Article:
Cahit Yeter: After averaging nearly 7,000 miles over the past three years, I believe I have satisfied my thirst for very long, long runs. Meanwhile, I am still entering many long races. Most of the time, winning itself does not come into my mind, but sometimes I think of running beyond the records most other men have run. I'd like to know, since winning is everything in America and I am part of it, why I have lost my desire to win.1

Sri Chinmoy: My dear brother-friend, you are an ultra-marathoner par excellence. You have covered thousands and thousands of miles in the past few years. You have also given us, your dear friends, boundless joy. It is true that winning is everything in America. Again, you have to know that there are two kinds of races: the outer race and the inner race. There are also two kinds of desire: the outer desire and the inner desire, which we call aspiration. The outer desire says, "Run, reach, then smile." The inner desire says, "Smile and run, run and smile. The goal is nowhere else save and except in smiling and running, and running and smiling."

You have won an amazing number of races on the strength of your outer desire. Now aspiration, the inner desire, has come to the fore. It wants to play its role most significantly in you, just as the outer desire has played its role over the years. Until now you have exercised your outer desire to conquer the world and show what you possess in order to draw the world's attention and admiration. You are now trying to exercise your inner desire to show the world what you have to offer for the world's improvement, which is an intrinsic part of your own improvement. Previously you wanted victory for your own satisfaction, and that victory you achieved by defeating others. Now you want the victory that comes from the satisfaction of establishing oneness, genuine oneness, with others.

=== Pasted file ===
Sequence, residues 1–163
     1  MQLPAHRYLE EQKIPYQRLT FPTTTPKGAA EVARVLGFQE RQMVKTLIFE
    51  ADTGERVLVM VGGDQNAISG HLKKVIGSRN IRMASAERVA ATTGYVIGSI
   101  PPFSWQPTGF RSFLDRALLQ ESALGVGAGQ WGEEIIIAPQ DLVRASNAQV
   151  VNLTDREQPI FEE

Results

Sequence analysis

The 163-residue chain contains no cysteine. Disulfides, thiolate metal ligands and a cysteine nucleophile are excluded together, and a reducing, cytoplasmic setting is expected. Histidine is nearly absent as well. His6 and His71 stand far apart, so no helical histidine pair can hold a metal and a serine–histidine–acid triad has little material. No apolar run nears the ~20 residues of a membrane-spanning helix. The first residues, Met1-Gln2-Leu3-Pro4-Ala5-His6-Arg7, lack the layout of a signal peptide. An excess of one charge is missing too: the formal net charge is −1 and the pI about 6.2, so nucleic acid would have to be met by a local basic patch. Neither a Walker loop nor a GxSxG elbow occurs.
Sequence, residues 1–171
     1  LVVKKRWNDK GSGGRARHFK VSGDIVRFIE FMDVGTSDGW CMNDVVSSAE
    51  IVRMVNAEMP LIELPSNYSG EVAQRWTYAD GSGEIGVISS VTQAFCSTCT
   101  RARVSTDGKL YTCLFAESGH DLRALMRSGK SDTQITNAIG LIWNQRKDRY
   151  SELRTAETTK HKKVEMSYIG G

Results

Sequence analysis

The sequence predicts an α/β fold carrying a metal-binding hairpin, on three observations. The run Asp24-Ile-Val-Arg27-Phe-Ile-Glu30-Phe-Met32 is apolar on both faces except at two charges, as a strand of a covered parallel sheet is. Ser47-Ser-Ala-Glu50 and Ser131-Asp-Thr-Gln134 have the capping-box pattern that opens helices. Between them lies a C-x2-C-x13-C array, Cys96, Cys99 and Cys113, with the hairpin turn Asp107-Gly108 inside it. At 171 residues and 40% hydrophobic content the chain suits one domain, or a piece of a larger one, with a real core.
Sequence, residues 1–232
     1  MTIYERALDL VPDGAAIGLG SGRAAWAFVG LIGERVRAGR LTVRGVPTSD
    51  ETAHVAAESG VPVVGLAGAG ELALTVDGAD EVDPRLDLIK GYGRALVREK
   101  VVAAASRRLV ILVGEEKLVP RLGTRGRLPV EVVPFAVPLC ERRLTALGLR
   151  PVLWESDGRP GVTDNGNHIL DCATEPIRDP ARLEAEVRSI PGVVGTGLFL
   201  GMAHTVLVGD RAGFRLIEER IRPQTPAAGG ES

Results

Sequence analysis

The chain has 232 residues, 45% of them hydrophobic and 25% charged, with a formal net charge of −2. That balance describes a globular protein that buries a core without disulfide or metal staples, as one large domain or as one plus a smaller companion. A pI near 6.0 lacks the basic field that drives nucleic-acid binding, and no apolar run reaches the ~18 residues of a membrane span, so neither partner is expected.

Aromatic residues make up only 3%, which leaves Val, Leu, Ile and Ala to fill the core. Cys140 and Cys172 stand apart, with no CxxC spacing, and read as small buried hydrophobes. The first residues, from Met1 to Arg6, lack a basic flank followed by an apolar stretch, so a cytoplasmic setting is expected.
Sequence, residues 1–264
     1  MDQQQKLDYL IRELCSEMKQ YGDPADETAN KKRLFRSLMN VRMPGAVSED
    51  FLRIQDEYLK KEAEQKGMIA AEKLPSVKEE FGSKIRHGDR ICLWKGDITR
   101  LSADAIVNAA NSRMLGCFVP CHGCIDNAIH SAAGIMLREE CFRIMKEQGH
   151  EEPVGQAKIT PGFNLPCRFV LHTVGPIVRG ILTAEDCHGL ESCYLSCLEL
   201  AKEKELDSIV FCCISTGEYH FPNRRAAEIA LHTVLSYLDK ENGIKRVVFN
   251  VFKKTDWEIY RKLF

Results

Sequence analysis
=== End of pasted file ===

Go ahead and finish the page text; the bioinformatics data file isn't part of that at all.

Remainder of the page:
A radiant example of your oneness we saw recently when you ran in our Sri Chinmoy Marathon held in New York. Out of your loving, sympathetic oneness-heart you asked that your prize be given to the runner who came in last. Such is your feeling for your fellow runners! For you, they are like members of your own family. As the older one, who is more experienced, you encourage the younger ones to come forward by spreading your joy and satisfaction all around. Fortunately or unfortunately, one of the members of our Team stood last, and she was deeply moved to receive your trophy.


  1. RS 14. A prolific racer and marathoner, Cahit Yeter once ran 2:13 for the marathon in his native Turkey. Later emigrating to the USA, he began a resurgence in his running after an accident had severely damaged his legs. At age 44 he ran 2:26 at the Boston Marathon. In 1981 he ran 155+ miles in a Sri Chinmoy 24-hour race, setting a North American record. He later set a Masters record for 100 miles on the road (13:33) which stood for several years. He also ran 468 miles in the New York Six-Day Race in 1984.

Sri Chinmoy, Run and smile, smile and run.First published by Agni Press in 2000.

This is the 1343rd book that Sri Chinmoy has written since he came to the West, in 1964.

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by Sri Chinmoy
From the book Run and smile, smile and run, made available to share under a Creative Commons license

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